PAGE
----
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Researchers attempt to identify a therapeutic target that encourages respiratory muscle relaxation to provide asthma relief.
Asthma causes respiratory problems, which can manifest as wheezing and chest tightness. It is a common affliction that affects about 10% of the US population. There has been much research focused on discovering therapeutic targets for asthma relief, such as the use of beta2-agonists. Unfortunately, there are undesirable outcomes, such as the loss of asthma relief effects when used several times in a day, and immunosuppressive effects when beta2-agonists are paired with their common partner, corticosteroids.
The smooth muscles that line the airways are known to narrow airways in asthma attacks. Consequently, much research is being invested in understanding the not well-known mechanism of these airway smooth muscle cells (ASMCs) in asthma relief. Yin and colleagues conducted a series of experiments to determine what are the protein effector, receptor, and potential therapeutic target on said receptor that could promote the relaxation of ASMCs. This study, conducted in China, was recently published in Science Translational Medicine.
The Effector Associated with Asthma Relief is MT-2
The researchers examined the role of MT-2 in the lungs of asthmatic rats. They found that the levels of the effector, MT-2, was downregulated by 50% in these rats, compared to healthy controls. MT-2 is a part of a class of proteins (metallothionein proteins) that play a role in oxidative stress. The authors suggested that MT-2 under-expression may play a role in asthma symptom manifestation and therefore an increase in MT-2 expression may provide asthma relief. This conclusion was supported by the injection of MT-2 in asthmatic rats, which showed some signs of asthma relief. In addition, MT-2 also seemed to show higher levels of effectiveness with a smaller dose compared to other drugs, such as corticosteroids.
The MT-2 Effector Interacts with the TG2 Protein Receptor to Promote Asthma Relief
They used a typical marker for the cellular membrane, 125I-labeled MT-2, to determine that there was only one receptor to which MT-2 was binding in ASMCs. With this information known, they then determined that transgelin-2 (TG2) was the receptor, because the marker would only be inhibited from working on the ASMCs when there was an anti-TG2 antibody present. With microscopy, they could confirm the high colocalization (over 95%) between MT-2 and TG2, providing further evidence of their interaction in asthma relief. They were also able to demonstrate that knocking out TG2 in mice would result in asthma-susceptible mice.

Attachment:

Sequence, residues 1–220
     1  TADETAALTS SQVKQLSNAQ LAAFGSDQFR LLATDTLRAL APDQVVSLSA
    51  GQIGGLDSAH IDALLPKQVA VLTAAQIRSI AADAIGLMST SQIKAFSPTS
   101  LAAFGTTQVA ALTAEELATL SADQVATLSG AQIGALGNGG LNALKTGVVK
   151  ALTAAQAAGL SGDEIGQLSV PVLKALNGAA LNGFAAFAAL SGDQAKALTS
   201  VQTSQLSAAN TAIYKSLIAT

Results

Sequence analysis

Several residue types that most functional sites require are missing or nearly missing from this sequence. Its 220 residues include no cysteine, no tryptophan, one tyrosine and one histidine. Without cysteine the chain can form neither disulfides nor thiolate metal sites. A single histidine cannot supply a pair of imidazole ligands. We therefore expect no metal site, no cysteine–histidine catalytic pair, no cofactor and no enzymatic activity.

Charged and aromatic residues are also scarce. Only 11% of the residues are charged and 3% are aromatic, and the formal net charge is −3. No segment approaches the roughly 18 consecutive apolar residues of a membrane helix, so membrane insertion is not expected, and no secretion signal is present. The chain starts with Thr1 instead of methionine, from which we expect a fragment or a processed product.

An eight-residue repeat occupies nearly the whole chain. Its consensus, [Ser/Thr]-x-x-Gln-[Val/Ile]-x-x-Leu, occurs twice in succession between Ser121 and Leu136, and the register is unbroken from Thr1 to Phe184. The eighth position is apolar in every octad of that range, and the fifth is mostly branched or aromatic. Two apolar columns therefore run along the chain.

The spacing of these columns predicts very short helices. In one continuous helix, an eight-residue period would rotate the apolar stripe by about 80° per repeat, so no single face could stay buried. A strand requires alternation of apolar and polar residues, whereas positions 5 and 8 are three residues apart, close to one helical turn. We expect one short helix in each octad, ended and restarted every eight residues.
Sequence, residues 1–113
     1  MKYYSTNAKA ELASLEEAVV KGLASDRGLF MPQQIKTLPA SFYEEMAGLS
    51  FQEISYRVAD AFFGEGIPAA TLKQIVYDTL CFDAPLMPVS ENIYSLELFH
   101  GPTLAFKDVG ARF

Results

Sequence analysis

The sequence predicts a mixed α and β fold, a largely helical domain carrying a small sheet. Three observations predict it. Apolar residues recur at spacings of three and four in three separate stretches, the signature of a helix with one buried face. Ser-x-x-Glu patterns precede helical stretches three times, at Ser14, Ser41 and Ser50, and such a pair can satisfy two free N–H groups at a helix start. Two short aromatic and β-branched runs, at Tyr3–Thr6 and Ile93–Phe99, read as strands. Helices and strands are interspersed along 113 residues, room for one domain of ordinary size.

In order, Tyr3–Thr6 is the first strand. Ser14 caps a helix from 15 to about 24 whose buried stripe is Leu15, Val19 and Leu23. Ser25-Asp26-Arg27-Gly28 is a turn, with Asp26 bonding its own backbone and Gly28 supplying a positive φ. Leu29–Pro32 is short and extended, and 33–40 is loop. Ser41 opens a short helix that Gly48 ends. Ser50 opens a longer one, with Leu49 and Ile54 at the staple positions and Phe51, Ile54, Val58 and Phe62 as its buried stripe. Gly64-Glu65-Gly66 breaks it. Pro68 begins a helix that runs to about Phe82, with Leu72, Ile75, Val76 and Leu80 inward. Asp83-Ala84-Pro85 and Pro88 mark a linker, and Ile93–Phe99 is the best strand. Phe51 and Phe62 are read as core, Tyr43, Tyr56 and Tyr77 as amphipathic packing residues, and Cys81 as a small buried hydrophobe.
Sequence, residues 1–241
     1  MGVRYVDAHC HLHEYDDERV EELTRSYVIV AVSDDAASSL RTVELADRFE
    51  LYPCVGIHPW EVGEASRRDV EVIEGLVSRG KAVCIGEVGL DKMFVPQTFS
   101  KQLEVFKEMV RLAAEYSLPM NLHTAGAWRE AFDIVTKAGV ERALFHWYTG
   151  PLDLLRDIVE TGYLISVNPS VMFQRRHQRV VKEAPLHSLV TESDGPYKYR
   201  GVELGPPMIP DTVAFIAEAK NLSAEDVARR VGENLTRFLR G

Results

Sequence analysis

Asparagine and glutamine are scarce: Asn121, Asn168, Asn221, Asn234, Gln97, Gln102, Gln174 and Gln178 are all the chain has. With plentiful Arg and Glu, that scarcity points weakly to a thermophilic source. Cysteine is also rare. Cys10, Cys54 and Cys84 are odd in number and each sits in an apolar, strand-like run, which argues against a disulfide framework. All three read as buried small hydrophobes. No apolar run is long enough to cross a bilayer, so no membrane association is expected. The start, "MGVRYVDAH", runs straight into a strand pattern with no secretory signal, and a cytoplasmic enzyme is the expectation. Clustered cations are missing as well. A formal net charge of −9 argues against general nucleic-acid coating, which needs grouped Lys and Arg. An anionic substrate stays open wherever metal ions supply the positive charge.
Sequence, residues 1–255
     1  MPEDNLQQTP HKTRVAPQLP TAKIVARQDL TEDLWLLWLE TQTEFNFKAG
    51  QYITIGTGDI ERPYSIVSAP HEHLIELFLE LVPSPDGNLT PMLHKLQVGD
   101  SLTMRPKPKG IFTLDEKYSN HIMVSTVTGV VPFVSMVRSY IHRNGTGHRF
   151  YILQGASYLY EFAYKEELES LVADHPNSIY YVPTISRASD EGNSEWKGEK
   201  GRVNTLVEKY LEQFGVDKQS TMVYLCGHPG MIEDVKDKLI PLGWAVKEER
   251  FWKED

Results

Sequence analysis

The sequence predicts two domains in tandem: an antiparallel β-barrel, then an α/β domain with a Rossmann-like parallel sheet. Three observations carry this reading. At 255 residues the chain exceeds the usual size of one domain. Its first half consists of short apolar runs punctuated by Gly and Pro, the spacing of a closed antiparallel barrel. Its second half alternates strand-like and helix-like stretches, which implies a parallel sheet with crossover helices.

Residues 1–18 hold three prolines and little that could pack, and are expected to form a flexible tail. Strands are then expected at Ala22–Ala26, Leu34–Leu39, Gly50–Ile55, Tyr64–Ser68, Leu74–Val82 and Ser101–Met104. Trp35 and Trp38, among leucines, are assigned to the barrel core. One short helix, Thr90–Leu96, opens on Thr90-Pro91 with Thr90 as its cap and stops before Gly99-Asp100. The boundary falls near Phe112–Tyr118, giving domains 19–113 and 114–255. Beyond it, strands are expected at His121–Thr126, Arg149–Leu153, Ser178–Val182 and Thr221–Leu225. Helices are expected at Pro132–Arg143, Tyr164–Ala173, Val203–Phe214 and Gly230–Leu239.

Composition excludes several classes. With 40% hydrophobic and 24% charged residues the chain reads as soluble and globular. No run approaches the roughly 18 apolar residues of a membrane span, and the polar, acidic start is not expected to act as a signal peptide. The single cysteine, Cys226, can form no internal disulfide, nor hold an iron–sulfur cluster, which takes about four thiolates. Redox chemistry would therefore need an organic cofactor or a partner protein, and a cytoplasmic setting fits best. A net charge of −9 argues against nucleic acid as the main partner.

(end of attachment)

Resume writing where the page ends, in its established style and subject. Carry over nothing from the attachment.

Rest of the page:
Potential Therapeutic for Asthma Relief
They then tried to see if they could determine an agonist that could control the relaxation of the ASMCs. They screened for 6000 molecular compounds from their database and found that TSG12 was a promising agonist able to bind TG2 and could relax rat ASMCs. They compared two asthmatic mouse models with TG12 and found that inhaling TG12 was able to reduce the pulmonary constriction in asthma, providing asthma relief.
Conclusions and Limitations of the Study
In conclusion, the researchers were able to determine that the MT-2 receptor and its corresponding effector, TG2, play a role in ASMC relaxation, needed in asthma relief. The agonist of TG2, TSG12 may be used as a stimulator of asthma relief. Future studies would have to address the limitations of this potential drug. Despite current work, there is still not a full understanding of the asthma pathway. Caution should be expressed in any conclusions drawn from this study until further research on the pathway has been done, especially since there is evidence that MT-2 interacts with enolase-1, a glycolytic enzyme, in vitro, which may have unknown potential biological ramifications.
Written by Olajumoke Marissa Ologundudu B.Sc. (Hons)
Reference: Yin LM, Xu YD, Peng LL, Duan TT, Liu JY, Xu Z, Wang WQ, Guan N, Han XJ, Li HY, Pang Y, Wang Y, Chen Z, Zhu W, Deng L, Wu YL, Ge GB, Huang S, Ulloa L, Yang YQ. Transgelin-2 as a therapeutic target for asthmatic pulmonary resistance. Science Translational Medicine. 2018;10(427): eaam8604. doi: 10.1126/scitranslmed.aam8604.